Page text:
Financing Constraints, Firm Dynamics, and International Trade
There is growing empirical support for the conjecture that access to credit is an important determinant of firms' export decisions. We study a multi-country general equilibrium economy in which entrepreneurs and lenders engage in long-term credit relationships. Financial constraints arise as a consequence of financial contracts that are optimal under private information. Consistent with empirical regularities, the model implies that older and larger firms have lower average and more stable growth rates, and are more likely to survive. Exporters are larger, their survival in international ...
Network Contagion and Interbank Amplification during the Great Depression
Interbank networks amplified the contraction in lending during the Great Depression. Banking panics induced banks in the hinterland to withdraw interbank deposits from Federal Reserve member banks located in reserve and central reserve cities. These correspondent banks responded by curtailing lending to businesses. Between the peak in the summer of 1929 and the banking holiday in the winter of 1933, interbank amplification reduced aggregate lending in the U.S. economy by an estimated 15 percent.
Identifying Foreign Suppliers in U.S. Import Data
Relationships between firms and their foreign suppliers are the foundation of international trade, but data limitations and reliability concerns make studying such relationships challenging. We evaluate and enhance supplier information in U.S. import data and present new facts about importer?exporter relationships. Count of foreign exporters from U.S. import data tends to exceed those from source country data, especially from China. The pattern of U.S. imports from origin countries changes substantially by tracing trade back to the supplier's location instead. Related-party relationships ...
\"It's Not You, It's Me\" : Breakups in U.S.-China Trade Relationships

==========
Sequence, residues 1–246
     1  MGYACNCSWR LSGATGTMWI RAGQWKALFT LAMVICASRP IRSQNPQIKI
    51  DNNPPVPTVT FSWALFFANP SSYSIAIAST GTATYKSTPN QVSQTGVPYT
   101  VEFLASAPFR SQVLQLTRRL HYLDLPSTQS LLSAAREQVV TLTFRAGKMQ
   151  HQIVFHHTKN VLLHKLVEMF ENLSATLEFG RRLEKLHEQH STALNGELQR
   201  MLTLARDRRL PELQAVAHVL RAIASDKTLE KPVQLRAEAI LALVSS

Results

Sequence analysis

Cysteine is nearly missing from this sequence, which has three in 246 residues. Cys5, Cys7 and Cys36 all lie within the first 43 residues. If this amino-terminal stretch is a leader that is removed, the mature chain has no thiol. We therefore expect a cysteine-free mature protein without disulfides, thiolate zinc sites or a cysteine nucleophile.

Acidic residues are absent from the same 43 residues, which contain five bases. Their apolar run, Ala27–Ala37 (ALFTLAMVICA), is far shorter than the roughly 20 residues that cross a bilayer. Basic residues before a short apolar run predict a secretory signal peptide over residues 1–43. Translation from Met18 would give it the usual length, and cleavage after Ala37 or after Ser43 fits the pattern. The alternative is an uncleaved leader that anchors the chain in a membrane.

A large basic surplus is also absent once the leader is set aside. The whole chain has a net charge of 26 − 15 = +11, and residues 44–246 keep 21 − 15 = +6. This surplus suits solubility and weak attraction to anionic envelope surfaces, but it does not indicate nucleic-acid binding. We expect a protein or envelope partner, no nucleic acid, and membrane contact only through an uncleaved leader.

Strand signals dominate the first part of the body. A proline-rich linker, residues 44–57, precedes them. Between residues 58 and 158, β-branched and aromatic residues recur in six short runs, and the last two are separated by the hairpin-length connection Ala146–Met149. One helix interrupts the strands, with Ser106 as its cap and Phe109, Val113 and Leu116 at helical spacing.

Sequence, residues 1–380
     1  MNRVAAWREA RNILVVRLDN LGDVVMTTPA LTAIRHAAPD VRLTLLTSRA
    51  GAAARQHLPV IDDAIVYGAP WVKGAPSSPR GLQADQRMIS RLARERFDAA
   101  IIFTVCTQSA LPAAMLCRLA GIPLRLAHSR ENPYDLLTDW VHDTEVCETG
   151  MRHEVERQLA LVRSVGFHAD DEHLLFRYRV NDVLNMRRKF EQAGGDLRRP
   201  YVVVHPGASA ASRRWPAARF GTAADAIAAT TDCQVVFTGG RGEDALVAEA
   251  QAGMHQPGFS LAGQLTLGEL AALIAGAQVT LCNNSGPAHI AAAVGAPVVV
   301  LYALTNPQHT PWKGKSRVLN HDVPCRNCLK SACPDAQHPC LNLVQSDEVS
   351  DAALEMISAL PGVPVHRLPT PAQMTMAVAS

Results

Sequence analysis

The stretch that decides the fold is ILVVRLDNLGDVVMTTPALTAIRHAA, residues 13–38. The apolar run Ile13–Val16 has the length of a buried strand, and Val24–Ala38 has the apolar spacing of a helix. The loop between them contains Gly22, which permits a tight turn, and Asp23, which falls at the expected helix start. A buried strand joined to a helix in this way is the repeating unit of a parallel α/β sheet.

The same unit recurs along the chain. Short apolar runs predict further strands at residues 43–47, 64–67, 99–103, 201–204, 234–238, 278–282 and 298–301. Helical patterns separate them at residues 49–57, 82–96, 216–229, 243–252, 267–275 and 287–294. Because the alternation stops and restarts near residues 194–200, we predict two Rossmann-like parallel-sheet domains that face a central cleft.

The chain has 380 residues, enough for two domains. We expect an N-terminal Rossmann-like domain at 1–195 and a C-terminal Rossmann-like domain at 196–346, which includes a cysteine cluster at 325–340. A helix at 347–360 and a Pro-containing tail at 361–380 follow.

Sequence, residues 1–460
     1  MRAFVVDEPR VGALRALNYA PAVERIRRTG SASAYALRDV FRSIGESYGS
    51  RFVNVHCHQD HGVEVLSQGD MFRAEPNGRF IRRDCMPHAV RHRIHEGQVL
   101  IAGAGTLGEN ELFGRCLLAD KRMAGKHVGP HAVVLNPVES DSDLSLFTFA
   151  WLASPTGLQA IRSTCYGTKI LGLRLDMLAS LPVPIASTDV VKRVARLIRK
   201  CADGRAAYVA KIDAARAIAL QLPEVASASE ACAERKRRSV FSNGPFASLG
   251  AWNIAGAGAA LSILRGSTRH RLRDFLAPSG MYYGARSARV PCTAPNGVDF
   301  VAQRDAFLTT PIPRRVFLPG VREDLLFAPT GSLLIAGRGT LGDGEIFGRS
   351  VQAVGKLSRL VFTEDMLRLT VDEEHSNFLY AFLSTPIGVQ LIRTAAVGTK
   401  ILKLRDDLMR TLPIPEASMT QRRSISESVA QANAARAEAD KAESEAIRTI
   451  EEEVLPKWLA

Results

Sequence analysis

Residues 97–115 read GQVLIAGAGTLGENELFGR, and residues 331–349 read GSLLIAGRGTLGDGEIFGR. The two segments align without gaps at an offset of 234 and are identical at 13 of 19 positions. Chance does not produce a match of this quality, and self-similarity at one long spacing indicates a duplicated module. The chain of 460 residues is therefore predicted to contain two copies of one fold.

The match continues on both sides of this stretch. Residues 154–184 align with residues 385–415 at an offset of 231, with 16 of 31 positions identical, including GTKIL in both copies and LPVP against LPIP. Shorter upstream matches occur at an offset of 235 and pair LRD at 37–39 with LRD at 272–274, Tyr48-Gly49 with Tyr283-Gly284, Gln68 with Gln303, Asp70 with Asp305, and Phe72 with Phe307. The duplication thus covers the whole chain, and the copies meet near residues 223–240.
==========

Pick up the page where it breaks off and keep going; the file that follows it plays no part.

Costs to switching suppliers can affect prices by discouraging buyer movements from high to low cost sellers. This paper uses confidential U.S. Customs data on U.S. importers and their Chinese exporters to investigate these costs. I find considerable barriers to supply chain adjustments: 45% of arm?s-length importers keep their partner, and one-third of switching importers remain in the same city. Guided by these regularities, I propose and structurally estimate a dynamic discrete exporter choice model. Cost estimates are large and heterogeneous across products. These costs matter for trade ...
Intermediation in Networks
I study intermediation in networked markets using a stochastic model of multilateral bargaining in which players compete on different routes through the network. I characterize stationary equilibrium payoffs as the fixed point of a set of intuitive value function equations and study efficiency and the impact of network structure on payoffs. There is never too little trade but there may be an inefficiency through too much trade in states where delay would be efficient. With homogeneous trade surplus the payoffs for players that are not essential to a trade opportunity go to zero as trade ...
Identifying Contagion in a Banking Network